An interesting discussion took place recently in one of the screenwriting courses I teach. I shared an older script with my students that featured several characters referring to one another as "gay" in order to insult them. None of the characters was actually homosexual, and the author wasn't making a statement about their ignorance for using the word; it was simply part of the characters' vocabulary, and they might as well have been calling one another "dumb."
After we finished the script, I mentioned the homophobic remarks and suggested to my class that, instead, a writer ought to only use derogatory language, be it homophobic, racist, or misogynist, if he or she wants to draw attention to something about the character or the world of the story; offensive language shouldn't be thrown around haphazardly. In previous years, when I've made this note, my classes have agreed with my position, and we've moved on in the discussion fairly quickly. This year, that didn't happen.
Several students were quick to take offense to my suggestion that an author "censor" himself or herself for the sake of social responsibility. Others acknowledged that the usage of the word was homophobic but felt it was acceptable since that's how people talked back then; they likened it to the racist language used in Django Unchained and saw it as simply an example of the time period and the culture.
I was flabbergasted. Try as I might, I couldn't seem to convince my students of my position, and after a bit of discussion, I started to see why.
My students saw the homophobic language as obviously offensive, in the same way most people see racist language as obviously offensive. It wasn't something anyone, including the writer of the material, needed to point out to them. To do so was, in their mind, a waste of creative energy. Unnecessary. Perhaps even old-fashioned, like a heavy-handed morality tale. On the one hand I found this refreshing: A new generation of young people seemed to have collectively taken a step toward post-sexuality and walked into my classroom already believing one of the things I've worked to convince people of for years. On the other hand, this discovery was also worrisome.
My students didn't grow up during the 1980s, as I did, when film characters tossed around words like "faggot" with ease. At the time, most moviegoers wouldn't bat at eye at words like that. Instead, they provoked a chuckle from straight audience members, who often agreed wholeheartedly that homosexuals were bad -- or, at best, very silly -- and to be called one was one of the worst insults a person could receive. At the same time, the non-heterosexual members of the audience hung our heads in shame and disappointment.
My students have mostly come of age in a time of increased gay visibility and acceptance -- in movies, on television, and in their everyday lives. By the time they moved away from children's programming, they found Will and Grace firmly established on prime-time TV. Movies like GBF and television shows like MTV's Faking It present "being different" as "being cool." And just this year we've seen the tide shift dramatically on same-sex marriage in this country -- a far cry from what was happening when I was my students' age. This progress is incredible, and I'm pleased by all of it. But it does come with a potential negative side effect.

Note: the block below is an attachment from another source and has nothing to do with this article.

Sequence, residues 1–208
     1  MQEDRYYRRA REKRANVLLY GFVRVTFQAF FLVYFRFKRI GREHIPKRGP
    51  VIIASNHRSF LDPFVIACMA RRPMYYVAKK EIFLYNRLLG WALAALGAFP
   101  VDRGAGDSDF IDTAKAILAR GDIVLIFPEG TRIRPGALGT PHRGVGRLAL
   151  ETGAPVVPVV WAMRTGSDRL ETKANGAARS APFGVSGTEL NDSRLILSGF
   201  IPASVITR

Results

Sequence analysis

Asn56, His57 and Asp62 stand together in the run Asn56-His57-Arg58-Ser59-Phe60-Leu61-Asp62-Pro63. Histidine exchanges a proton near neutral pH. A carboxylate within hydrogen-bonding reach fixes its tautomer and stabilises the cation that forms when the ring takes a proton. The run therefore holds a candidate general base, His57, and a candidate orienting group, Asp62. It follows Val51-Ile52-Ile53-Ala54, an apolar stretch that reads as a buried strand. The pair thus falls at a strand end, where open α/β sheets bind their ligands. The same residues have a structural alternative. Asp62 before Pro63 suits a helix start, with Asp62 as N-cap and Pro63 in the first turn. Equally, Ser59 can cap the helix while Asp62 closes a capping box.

Enjoying the benefits of a modern, tolerant society is wonderful, but it can lead to complacency or a blind eye toward life outside its bubble. When I informed my students that many people in the world (including the U.S.) still equate the word "gay" with an insult, some of them found it very hard to believe. They seemed totally unaware of the fact that even though attitudes and laws in the United States continue to move toward equality, the opposite is happening elsewhere. Young people in the U.S. overwhelming support LGBT equality, but the same cannot be said for other parts of the world. The regressive anti-LGBT laws recently enacted in Russia will, if they persist, ensure that new generations of young people come of age in an environment that promotes bigotry and intolerance. This is also true for people living in India and many parts of Africa that have recently outlawed homosexuality.
I make my living training future filmmakers in the art of storytelling. I sincerely hope that all my students are successful in their career pursuits and go on to create art that reaches millions of people, not only in the U.S. but worldwide. Even a student film uploaded online can potentially be seen across the globe. While I'm not suggesting that artists and filmmakers censor themselves or solely create unrealistic, idealized LGBT characters, I do think they should recognize the power they wield and the responsibility that comes with it. In a film, a note of disapproval toward bigotry may not be strictly "necessary" to young people in the U.S., Canada, or the UK, but it can mean a lot to a young person struggling with his or her sexuality or gender identity in a more repressive culture. It might very well be the only such disapproval he or she ever encounters.
I continue to be impressed by the capacity young people in this country have for progressive thought, and nowhere is this more evident than in the entertainment they consume and create -- but they can't afford to forget the past or overlook the reality that most of the world does not enjoy the same freedoms as them. Homophobia in fiction, just as in real life, can be promoted, ignored, or discouraged. Promotion is obviously unacceptable, but accepting it as a way of life, tolerating it for the sake of civility, or simply ignoring it, can be just as dangerous.